KW:
When you were growing up, was there a large hospital anywhere near? When you were younger?

GH:
Was there a hospital? There was one in Oneonta called Fox. That is where my folks always went. My dad had a prostate operation. Cooperstown had just started doing that. He could go there or else go to Albany or Boston. I guess he didn’t like to travel. So, he took Cooperstown, and about that time, they were doing most of the operations around here.

KW:
When your mother had you and your siblings, were they all home births or did she go to the hospital?

GH:
When we were born? We were born in the home.

KW:
What about your wife?

GH:
She was born in the home.

KW:
And your children?

GH:
They were born at Fox. My son had a son, and he was born, I can’t tell where he was born, but it cost $30,000. He was cesarean. I told someone the other day I think he should have shopped around. I had three children, and it cost me $900 [laughter].

KW:
Can you tell me a little bit about your grandchildren?

GH:
My first grandchild was born right outside of Dallas, Texas. She was up to see me on my birthday. And he is a live wire. So they had no trouble keeping them entertained. Wish I could think of the name of the place. It almost seems like it was Copeland. Just north of Dallas [inaudible] on the map. If you read it on the map, it will read D-A-L that is all there is. Not room for the full name. Then, I got one granddaughter that was born, not where I live, she was living in that area when she was born. She is in North Carolina. She’s becoming a dentist’s nurse for dental work. I told you about the other one. She is going to be a doctor. There is a grandson in there. He started out going to college. He went to college a year, but he didn’t care for that, so he is a woodsman. I said, you are doing just what I did as a kid.

KW:
So working with lumber and things?

GH:
Yeah. He clears land for the state. Then there’s another grandson. When it came time for him to go to college, his sister went to BOCES in Milford. She puts up hair and got a good job. He took advice from somebody. Somebody told him to go to Edmeston. He went to Edmeston, and right in Edmeston, there was a print shop. They told him to go there, and you would have an education, and you won’t have to travel to Milford every day [laughter] so he did. He even runs the place for the guy sometimes. So he has a good job. Let’s see, there’s Jason; he’s the one in the print shop. And then there’s Jessica; she is the hair beautician. Then there’s Terrence; he’s the woodsman [laughter]. Then I have three more. They just moved from Ashville to Pittsburgh. Got there just in time for the storm. But they’re different. They’re westerners [laughter].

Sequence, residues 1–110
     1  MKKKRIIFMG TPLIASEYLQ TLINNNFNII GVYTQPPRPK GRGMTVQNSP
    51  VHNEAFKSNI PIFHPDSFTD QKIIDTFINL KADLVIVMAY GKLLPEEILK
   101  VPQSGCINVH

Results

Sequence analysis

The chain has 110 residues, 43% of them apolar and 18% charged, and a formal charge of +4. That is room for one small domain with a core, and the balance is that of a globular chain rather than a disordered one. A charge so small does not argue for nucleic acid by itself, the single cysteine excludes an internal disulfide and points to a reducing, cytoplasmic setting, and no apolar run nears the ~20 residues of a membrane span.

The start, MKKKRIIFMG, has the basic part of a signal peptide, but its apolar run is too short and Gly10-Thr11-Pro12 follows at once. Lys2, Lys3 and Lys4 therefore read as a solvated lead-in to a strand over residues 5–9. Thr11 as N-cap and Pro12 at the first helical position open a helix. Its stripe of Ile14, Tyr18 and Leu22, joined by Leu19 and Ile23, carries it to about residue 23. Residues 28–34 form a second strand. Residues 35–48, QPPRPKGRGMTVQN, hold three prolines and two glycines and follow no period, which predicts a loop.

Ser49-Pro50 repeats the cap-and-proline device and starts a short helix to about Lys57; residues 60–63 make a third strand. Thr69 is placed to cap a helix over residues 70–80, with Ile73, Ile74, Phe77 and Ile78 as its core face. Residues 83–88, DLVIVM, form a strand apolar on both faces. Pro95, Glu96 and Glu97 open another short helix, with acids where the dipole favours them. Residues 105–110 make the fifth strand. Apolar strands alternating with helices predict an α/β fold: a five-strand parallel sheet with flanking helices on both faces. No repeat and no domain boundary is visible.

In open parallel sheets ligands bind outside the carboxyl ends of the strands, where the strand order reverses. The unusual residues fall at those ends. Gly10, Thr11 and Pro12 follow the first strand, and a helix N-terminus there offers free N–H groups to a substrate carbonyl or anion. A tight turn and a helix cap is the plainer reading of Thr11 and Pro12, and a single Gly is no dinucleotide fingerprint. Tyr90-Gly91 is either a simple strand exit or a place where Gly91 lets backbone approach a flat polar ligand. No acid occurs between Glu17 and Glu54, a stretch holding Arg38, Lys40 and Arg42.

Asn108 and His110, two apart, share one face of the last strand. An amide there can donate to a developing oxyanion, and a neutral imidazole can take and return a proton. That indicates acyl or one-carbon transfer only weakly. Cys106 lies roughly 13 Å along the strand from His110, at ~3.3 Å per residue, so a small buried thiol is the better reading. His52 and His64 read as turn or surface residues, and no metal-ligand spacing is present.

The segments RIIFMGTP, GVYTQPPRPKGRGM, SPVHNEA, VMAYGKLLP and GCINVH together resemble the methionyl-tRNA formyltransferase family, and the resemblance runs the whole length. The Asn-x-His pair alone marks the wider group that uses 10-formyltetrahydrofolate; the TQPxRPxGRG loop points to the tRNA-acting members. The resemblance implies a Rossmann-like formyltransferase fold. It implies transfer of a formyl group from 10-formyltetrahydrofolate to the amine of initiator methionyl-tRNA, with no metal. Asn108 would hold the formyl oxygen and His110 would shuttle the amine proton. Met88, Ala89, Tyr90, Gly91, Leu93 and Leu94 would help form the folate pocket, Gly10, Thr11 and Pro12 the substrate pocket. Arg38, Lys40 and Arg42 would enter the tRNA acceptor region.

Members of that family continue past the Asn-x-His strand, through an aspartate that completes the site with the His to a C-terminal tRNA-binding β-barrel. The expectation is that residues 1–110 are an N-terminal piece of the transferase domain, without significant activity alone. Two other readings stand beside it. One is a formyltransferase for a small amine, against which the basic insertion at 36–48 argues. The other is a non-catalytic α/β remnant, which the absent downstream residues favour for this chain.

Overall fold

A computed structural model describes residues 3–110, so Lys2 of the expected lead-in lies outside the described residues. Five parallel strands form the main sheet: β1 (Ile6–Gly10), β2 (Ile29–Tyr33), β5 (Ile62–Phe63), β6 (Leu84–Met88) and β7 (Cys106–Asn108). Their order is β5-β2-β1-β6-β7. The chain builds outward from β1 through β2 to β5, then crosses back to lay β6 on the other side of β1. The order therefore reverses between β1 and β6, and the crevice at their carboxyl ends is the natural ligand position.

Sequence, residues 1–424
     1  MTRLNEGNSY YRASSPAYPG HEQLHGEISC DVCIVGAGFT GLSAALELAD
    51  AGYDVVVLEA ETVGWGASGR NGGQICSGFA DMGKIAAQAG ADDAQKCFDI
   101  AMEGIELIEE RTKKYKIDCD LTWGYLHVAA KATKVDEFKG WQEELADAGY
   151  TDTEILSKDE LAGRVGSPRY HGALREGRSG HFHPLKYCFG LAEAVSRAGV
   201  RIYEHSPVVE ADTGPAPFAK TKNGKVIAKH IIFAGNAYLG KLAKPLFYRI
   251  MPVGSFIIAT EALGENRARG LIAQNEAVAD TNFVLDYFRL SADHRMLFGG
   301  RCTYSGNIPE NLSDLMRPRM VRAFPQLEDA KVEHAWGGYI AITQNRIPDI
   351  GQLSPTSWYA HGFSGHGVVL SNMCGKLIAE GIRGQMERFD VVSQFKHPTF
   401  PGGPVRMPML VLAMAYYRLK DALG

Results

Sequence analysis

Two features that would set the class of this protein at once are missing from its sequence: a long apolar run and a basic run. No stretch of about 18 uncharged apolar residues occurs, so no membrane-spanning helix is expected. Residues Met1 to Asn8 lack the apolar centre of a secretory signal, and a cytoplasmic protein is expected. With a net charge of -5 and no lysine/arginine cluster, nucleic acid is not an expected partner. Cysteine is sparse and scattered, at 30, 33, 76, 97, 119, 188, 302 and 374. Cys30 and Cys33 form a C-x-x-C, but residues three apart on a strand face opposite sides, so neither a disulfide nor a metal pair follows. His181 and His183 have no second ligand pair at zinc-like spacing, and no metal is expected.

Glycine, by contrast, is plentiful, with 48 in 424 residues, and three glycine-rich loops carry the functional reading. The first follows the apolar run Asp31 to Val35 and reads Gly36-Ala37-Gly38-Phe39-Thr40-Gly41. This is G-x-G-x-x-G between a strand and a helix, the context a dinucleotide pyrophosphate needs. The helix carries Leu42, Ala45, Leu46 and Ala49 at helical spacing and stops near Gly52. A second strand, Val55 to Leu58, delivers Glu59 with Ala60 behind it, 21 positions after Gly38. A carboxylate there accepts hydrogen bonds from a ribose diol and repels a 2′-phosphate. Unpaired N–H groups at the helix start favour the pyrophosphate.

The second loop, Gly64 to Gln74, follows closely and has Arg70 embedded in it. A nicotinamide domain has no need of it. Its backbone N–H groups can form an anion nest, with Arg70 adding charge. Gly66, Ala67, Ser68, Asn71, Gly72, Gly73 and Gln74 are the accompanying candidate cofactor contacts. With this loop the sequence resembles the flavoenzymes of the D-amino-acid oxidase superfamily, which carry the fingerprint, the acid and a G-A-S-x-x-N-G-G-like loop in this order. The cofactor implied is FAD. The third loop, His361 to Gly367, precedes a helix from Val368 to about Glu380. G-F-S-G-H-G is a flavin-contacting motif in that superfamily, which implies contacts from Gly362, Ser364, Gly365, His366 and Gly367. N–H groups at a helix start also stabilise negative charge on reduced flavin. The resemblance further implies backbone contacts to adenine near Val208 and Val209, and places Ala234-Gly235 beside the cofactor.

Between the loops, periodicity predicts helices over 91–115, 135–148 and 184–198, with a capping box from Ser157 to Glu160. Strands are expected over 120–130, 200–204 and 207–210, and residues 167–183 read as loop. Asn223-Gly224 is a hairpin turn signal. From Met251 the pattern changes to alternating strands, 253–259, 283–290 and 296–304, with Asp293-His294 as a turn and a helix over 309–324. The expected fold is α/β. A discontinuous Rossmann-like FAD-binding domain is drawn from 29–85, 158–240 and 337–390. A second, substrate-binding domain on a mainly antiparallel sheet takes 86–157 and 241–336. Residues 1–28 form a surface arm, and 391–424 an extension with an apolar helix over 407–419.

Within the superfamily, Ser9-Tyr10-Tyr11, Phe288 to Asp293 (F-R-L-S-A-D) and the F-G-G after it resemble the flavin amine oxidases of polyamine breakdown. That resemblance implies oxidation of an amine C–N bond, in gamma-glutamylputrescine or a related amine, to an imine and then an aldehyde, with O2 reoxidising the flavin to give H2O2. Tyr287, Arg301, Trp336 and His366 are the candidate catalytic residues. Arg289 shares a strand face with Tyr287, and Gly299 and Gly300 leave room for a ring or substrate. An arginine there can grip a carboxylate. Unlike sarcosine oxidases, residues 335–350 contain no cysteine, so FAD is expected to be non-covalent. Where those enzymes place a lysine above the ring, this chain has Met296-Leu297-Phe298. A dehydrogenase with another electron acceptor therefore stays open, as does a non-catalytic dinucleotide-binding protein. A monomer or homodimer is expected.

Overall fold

KW:
So, your family farm- you’re kind of the last farmer to…

GH:
Yeah, they are going to run out.

KW:
What will happen with the farmland? I believe that road is called Harrison Hill, the road you live on. What will happen to all the land?

GH:
Well, right now, I guess I mentioned in that letter it’s becoming residential. My nephew got it in a settlement in some way, and he’s selling off a building here and a building there.

KW:
So the land is all going for development. What do you think about that?

GH:
Well, it’s sad.

KW:
Why do you find it sad?

GH:
Because I worked so many years. Building up this land. Clearing the land. Even when I was coming up, we were still clearing land, and just something you have to adjust to, I guess.

KW:
So, you’re now here in the Otsego Manor, how are you adjusting to that?

GH:
Well, it takes a little adjusting. You have to learn how to live here. I bought a house in 1955. I thought to myself, I’ll fix this house up, and I’ll be secure for as long as I live. So, now that has to be sold or something.

KW:
Can you tell me how that makes you feel when you know your house and farm area…

GH:
Well it’s a big house, and there’s upkeep to it. My daughter says you want to get out of that upkeep. She was getting frustrated keeping track of my medicine. It was hard for her. I didn’t want to see her go through that. Here, they pass out your pills and you to take them. So, it’s easier on her. Of course, I had this disease in August. What do they call it? Urinal tract infection. It affected my mind. My family said you aren’t going to drive anymore. Here I am with a car, and I can’t drive it. It’s a disappointment. They said they would take me where I want to go. But you know it is an awful job. I am always waiting to go somewhere. So my daughter and her husband sold their house in Laurens, and the woman they sold to wanted a job taking people places. So she took me a couple of times. I guess she was a good driver. I can do that if I have to.

KW:
Well, we talked about a lot of different things. Are there any other topics or issues that you want to talk about or explain?

GH:
I am sure I could talk all afternoon [laughter]. But I would probably run out of steam.

KW:
Well, Mr. Harrison, thank you so much for talking with me and sharing your experiences about living on a farm and living here in Cooperstown and Mt. Vision, New York. So, thank you very much.

GH:
Well, it’s a pleasure to have somebody listen to me [laughter].

Duration

22:26- Pt 1
30:00- Pt 2
27:53- Pt 3

Bit Rate/Frequency

128 kbps
128 kbps
128 kbps

Files

Citation

Kahla Woodling, “Glenn Harrison, November 12, 2012,” CGP Community Stories, accessed April 23, 2018, http://cgpcommunitystories.org/items/show/121.